Social media has made my life richer. It has allowed me to forge relationships with women from all across the world. I used to mock the idea of Twitter. Now it has become one of my lifelines as a stay-at-home mom. I miss the intense conversations I would have in college: the late nights discussing religion with my roommates, debating the healthcare reform platforms of various presidential candidates in grad school. Taking care of two kids and spending much of my time driving to doctor appointments doesn’t leave a lot of time for adult conversation. Over Twitter though, I can discuss educational philosophy or mental health policy or feminist issues in medicine. If I have free time and want to chat, chances are someone else does too. This has kept me sane.
There are some who differentiate between between “social media friendships” and “real life friendships.” I disagree with such a distinction. It was women I met online through blogging that helped convince me to have a VBAC and women I met through NMF Connect who checked in with me throughout my pregnancy. The impact of them on my life has been immeasurable. I certainly got more sleep before I became involved online.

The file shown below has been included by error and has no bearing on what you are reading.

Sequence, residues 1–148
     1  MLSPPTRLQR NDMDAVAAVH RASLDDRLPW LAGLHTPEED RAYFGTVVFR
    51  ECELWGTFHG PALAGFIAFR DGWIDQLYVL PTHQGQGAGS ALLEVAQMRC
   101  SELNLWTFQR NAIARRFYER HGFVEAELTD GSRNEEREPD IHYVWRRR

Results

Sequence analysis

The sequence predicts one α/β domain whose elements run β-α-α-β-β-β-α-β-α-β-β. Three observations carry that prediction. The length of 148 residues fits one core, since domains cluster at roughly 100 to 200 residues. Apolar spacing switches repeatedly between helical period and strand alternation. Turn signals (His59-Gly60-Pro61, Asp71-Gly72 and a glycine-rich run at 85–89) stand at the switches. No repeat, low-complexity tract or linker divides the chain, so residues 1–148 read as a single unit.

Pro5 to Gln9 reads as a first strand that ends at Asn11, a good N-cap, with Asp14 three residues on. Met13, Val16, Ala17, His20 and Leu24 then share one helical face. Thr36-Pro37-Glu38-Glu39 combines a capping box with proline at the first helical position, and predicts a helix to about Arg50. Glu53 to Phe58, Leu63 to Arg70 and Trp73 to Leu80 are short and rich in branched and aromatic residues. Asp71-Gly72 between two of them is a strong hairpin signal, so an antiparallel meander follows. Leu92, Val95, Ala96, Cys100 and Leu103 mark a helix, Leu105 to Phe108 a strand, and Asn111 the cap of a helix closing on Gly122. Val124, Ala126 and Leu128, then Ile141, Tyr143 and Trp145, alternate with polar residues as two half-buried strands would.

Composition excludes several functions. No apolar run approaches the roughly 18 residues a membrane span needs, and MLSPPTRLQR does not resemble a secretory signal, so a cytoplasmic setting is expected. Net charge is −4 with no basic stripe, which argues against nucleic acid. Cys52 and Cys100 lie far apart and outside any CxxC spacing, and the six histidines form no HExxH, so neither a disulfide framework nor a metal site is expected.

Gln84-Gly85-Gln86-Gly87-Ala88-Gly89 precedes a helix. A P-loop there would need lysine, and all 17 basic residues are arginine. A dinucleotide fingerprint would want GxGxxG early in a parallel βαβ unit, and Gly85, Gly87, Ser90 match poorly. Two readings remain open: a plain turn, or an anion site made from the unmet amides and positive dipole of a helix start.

This week the power of social media hit me particularly hard. One of my girlfriends died over the weekend. I’ve been devastated. We’ve been friends for almost three years, since I was pregnant with M. and she was pregnant with her son. We’ve talked about pregnancy, relationships, surgery, the limitations of our physical bodies, early intervention services, and death. We’ve texted late into the night and exchanged Christmas cards and pictures of our kids.
What we hadn’t done was ever meet in person.
In this time that I’ve become more involved in the blogging, Twittering, and Facebooking communities my views on relationships have changed. I’ve come to realize that seeing a person in the flesh is not a necessary component for a good, honest friendship, though of course it doesn’t hurt. My friendship with R was not any less real because we met online and lived across the country from each other. My pain with her passing is no less intense. I am so grateful for the opportunity that I had to know her, and she’s changed me for the better.
Rest in peace my friend.